Questions To Ask….
merits of a particular government policy or proposal with authoritarian-minded
political opponents is pointless if youre hoping to
persuade, at any rate. Far better to ask them a few apparently
simple questions and force them to confront the disquieting
answers about the authoritarian nature of the political and social
system they support.
you might ask what their view of slavery is. Is it morally wrong
to own another human being? Probably, they will say it is wrong.
Now ask: What does it mean to be a slave? Usually, they will tell
you it means being the property of another. Now ask the killer
follow-up: What does it mean to be the property of another?
Point out that
it means having control over another persons life
control of his actual person, his body. His mind, even.
To be in a
position to be entitled to use violence to
A slave is
not at liberty to act as he wishes to act. He must do as
he is told and if he does not, he can expect physical
punishment and that punishment will not be considered assault.
The slave must accept his punishment.
There is no
appeal, no recourse. He must bow low and submit or risk the
repercussions, which ultimately include death.
His only hope
most obviously, owns nothing because he controls nothing.
He may be allowed to use things. But the owner of these things
himself included is someone else. Someone else gets to say
yes or no. When and where. How and how
much. The slave has no real say in that he is never in
a position to say no. Not without consequences raining down upon
He merely obeys.
Because he must obey.
The fact that
his hands may hold the scythe does not mean the scythe is his. The
fact that the effort of his body cuts the wheat does not mean the
wheat is his. He is permitted to keep a portion. In
principle, because in fact, the slave owns nothing that may not
be taken away from him. At any time, for any reason. And he is powerless
to do anything about it.
dwelling, the clothes he wears even his very body
are subject to arbitrary control against his will by another person
or persons. This is the essence of what it means to be a
Be sure your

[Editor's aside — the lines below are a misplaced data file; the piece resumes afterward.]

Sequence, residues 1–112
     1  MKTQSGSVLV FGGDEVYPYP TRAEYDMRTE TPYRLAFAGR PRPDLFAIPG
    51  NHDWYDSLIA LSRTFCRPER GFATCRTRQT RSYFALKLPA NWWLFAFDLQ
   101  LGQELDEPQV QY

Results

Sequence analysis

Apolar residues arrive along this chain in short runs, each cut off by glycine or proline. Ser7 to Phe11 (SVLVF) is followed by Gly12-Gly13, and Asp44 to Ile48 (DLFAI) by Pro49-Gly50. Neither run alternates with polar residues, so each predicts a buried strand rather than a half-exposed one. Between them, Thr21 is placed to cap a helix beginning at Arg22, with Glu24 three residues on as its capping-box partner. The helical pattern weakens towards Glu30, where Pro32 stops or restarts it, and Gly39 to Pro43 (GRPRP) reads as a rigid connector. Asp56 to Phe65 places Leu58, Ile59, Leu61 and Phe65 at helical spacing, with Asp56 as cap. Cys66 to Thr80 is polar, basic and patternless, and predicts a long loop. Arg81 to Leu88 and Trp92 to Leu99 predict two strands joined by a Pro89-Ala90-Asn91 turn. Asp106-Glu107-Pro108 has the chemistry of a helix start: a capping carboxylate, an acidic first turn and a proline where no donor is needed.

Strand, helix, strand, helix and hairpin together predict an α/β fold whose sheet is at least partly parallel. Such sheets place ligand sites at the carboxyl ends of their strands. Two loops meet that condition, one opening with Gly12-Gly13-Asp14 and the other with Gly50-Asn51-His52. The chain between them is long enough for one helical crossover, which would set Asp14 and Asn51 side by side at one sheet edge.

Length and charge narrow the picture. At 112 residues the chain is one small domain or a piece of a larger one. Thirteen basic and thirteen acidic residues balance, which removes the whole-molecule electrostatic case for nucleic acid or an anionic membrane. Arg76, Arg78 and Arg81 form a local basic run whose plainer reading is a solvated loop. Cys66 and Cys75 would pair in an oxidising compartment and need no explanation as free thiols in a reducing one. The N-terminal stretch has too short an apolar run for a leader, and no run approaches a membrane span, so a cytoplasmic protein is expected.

opponent accepts these points which he must accept,
because to not accept them is not unlike refusing to accept that
2 + 2 = four.
Now ask him
whether he (or anyone else he knows) is free to determine the course
of his own life. Or do others set down terms and conditions which
he must obey?
Is he free
to do business with whomever he chooses to do business? Or is he
told exactly with whom he must do business and under
May he travel
freely? Or is he required to travel with permission and only
under certain conditions? Must he carry ownership papers with him
wherever he goes? And is it not true that if he is caught without
these papers, he is subject to arrest and imprisonment for that
Is he free
to raise his children as he considers best? To teach them as he
sees fit? Or must he teach them things others decree he must
Is he even
free to choose whom to marry? Or must he submit to the authority
of others in even this most personal of lifes choices?
Is he free
to defend himself when accosted by strangers? Or must he submit
to these strangers, if they wear a certain type of outfit? (Did
not the overseer also wear a certain type of outfit?)
May he own
is he permitted other than conditional use of things? For
instance, that which he may think of as his home. If
it is in fact his, then surely that means no
one else has legal claim to it and cannot take it away from him
once he has paid the original seller in full. Ask him about the
large payments he must make to others every year, forever, in order
to be allowed to remain on his property. Remind him
that plantation slaves also had homes in the sense that they
were allowed conditional use of dwellings. Dwellings ultimately
owned by someone else. The slaves were permitted to use these dwellings
so long as their labor provided enough return to the true owners
of the dwelling. A slave who refused to work who declined
to make payments in the form of his labor then (and tax payments
now) would soon discover who the true owner of his dwelling
[send him mail] is an automotive
columnist and author of Automotive
Atrocities and Road Hogs (2011). Visit his
© 2012 Eric Peters
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